1

When I pronounce an approximant, a trill, and then a stop, I have an impression that they are discriminated by the strength of articulation (the "strength of articulation" here means the strength of force of the active articulator against the passive articulator, and is distinguished by the diacritics like [k͈] and [k͉] by extIPA). The approximant feels like the weakest, the trill the middle, and the stop the strongest.
I have a voice sample to demonstrate this, here postalveolar, so it's a shift from [ɹ̺] to [r] to [t̚]: Click here
I tried to apply this to other places of articulation, and discovered that the "middle" is a creaky voice. Here is the voice sample to demonstrate this, which is a shift from [a] to [a̰] to [ʔ̚]: Click here

So a creaky voice is a glottal trill?

2

"Trill" is a property of the primary consonantal articulator, so [˷] is not a trill. All modes of voicing constitute a kind of "trilling" of the vocal folds, including normal, breathy and creaky voicing. What makes creaky voice distinctive is that the arytenoid cartilages are pressed together, so that the glottis remains closed longer and the opening and closing phases are shorter and more abrupt. On the other end of the glottal-constriction scale, breathy voicing has less glottal constriction leading often to incomplete closure during the closed phase, and a more gradual, sinusoidal shape of opening.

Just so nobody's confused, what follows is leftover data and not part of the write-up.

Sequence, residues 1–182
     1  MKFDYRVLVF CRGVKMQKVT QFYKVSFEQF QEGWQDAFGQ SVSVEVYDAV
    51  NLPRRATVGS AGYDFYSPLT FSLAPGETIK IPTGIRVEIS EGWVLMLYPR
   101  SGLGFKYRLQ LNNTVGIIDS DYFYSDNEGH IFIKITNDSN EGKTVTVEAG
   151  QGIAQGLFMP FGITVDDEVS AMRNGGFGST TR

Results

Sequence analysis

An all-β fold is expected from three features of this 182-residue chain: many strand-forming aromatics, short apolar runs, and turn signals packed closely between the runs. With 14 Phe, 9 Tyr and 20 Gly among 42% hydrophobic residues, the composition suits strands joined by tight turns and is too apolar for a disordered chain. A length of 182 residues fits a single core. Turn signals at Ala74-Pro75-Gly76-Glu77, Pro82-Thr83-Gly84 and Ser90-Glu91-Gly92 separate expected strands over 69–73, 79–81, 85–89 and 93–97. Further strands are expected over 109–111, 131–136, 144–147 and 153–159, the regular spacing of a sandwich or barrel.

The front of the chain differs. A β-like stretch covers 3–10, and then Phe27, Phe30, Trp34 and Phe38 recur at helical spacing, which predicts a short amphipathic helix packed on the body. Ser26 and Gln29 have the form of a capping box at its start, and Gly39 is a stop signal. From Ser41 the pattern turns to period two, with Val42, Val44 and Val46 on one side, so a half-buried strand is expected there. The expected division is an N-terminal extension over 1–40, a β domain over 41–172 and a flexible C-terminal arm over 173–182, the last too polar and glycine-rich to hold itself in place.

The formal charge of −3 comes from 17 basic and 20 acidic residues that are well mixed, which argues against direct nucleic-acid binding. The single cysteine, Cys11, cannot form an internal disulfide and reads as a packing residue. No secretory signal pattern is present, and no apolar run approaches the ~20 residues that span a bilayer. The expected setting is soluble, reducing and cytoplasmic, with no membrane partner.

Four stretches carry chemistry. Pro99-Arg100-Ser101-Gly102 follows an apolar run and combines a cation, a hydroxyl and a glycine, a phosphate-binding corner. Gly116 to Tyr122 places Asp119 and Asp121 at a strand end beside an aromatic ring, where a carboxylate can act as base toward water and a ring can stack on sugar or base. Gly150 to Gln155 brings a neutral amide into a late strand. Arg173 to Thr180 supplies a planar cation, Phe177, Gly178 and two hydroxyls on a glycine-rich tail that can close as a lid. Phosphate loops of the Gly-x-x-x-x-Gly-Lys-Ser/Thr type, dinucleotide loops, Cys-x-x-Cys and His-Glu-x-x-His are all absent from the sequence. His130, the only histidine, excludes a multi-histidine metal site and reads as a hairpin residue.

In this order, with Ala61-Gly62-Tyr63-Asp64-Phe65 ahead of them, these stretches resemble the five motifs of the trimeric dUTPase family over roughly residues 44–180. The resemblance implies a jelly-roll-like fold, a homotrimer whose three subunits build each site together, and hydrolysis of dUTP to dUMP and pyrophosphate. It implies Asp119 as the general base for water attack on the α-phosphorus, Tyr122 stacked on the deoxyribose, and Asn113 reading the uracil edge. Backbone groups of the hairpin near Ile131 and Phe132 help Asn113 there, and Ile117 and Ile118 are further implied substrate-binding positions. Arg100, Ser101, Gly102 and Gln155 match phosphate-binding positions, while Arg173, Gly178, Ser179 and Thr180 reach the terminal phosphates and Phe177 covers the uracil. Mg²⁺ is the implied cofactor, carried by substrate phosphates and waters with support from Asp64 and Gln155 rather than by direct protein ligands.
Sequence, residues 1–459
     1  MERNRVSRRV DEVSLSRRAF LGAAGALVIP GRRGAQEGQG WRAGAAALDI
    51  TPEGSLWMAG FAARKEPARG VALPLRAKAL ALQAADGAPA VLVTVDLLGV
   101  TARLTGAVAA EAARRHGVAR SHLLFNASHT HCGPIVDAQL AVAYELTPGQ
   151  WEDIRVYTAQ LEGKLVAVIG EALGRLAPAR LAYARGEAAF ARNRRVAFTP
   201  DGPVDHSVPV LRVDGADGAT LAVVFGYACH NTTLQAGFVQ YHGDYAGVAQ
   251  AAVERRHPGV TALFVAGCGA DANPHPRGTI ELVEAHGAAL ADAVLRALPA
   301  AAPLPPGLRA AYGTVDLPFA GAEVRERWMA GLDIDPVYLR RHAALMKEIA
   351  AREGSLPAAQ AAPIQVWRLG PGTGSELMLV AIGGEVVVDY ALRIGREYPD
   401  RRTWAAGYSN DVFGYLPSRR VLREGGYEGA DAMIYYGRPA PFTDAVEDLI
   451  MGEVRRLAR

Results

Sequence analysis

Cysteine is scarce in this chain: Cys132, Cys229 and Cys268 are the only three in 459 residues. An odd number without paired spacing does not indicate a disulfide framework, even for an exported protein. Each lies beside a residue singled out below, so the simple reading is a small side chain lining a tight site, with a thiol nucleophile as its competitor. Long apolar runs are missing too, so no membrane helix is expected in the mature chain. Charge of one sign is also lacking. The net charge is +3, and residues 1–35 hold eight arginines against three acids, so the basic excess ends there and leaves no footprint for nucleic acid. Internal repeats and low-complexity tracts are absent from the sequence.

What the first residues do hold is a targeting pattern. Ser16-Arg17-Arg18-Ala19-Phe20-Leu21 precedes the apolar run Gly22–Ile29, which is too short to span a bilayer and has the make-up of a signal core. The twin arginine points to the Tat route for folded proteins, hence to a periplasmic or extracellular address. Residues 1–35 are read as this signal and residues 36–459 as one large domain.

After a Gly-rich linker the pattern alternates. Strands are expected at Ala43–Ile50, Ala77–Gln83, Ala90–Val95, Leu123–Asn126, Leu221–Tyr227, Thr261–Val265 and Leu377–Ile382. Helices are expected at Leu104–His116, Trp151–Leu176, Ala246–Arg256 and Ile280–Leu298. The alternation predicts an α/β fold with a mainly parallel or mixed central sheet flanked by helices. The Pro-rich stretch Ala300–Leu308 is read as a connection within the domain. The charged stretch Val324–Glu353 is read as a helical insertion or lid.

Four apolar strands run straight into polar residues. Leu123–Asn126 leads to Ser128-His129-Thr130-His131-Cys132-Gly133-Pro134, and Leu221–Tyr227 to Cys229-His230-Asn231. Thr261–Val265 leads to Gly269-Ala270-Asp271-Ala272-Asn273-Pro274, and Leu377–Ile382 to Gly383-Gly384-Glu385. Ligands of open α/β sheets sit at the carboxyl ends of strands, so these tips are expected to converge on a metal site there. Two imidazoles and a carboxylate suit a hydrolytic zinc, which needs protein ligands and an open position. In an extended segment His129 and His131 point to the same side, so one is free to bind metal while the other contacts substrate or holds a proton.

The concept of "active articulator" vs. "passive articulator" does not apply to the action of the glottis. However, it is a basic truism of physics that if you supply sufficient force to an adjustable opening, you can block airflow, given normal subglottal pressures.

2
  • Still, I'd like to apply physics to phonetics and re-classify the terms. Oct 16 '17 at 22:52
  • I guess the core notion of physics underlying creaky voice and consonant trills is in the neighborhood of aeroelasticity. There's no linguistic term that unifies the two.
    – user6726
    Oct 16 '17 at 23:22

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